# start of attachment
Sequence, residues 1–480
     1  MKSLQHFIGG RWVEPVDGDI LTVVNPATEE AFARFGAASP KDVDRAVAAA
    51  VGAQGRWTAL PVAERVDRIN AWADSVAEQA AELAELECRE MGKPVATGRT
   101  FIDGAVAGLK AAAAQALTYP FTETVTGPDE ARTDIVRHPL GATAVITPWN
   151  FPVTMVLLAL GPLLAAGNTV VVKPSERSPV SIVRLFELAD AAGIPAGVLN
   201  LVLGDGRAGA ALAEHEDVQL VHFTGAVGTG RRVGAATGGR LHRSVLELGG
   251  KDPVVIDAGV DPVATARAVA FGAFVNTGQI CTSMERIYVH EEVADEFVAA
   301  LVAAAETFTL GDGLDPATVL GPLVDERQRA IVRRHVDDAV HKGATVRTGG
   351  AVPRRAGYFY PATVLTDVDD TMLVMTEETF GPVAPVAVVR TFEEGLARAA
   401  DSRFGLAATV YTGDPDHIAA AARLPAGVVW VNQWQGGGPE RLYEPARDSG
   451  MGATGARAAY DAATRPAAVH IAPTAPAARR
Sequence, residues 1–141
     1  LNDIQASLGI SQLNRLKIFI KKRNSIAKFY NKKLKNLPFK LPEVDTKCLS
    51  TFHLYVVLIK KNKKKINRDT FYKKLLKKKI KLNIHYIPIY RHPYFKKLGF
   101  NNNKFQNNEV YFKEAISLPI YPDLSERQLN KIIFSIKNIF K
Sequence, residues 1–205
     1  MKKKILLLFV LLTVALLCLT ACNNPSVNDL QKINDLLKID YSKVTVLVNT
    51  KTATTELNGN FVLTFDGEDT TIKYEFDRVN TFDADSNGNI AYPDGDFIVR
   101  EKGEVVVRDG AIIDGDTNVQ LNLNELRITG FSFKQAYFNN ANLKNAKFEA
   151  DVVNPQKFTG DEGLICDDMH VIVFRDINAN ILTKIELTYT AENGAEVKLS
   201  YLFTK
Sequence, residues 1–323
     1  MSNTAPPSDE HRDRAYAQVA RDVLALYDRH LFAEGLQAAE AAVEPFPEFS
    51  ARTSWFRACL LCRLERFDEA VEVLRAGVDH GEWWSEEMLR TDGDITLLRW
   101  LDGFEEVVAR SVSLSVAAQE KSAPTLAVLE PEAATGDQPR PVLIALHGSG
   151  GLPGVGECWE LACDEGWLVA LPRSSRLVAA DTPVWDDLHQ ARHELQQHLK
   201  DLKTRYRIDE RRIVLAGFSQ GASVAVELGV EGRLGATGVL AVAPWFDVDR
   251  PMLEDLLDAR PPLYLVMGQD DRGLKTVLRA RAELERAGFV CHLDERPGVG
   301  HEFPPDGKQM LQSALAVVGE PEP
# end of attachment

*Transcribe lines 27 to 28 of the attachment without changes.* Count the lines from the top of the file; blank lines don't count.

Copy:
   201  DLKTRYRIDE RRIVLAGFSQ GASVAVELGV EGRLGATGVL AVAPWFDVDR
   251  PMLEDLLDAR PPLYLVMGQD DRGLKTVLRA RAELERAGFV CHLDERPGVG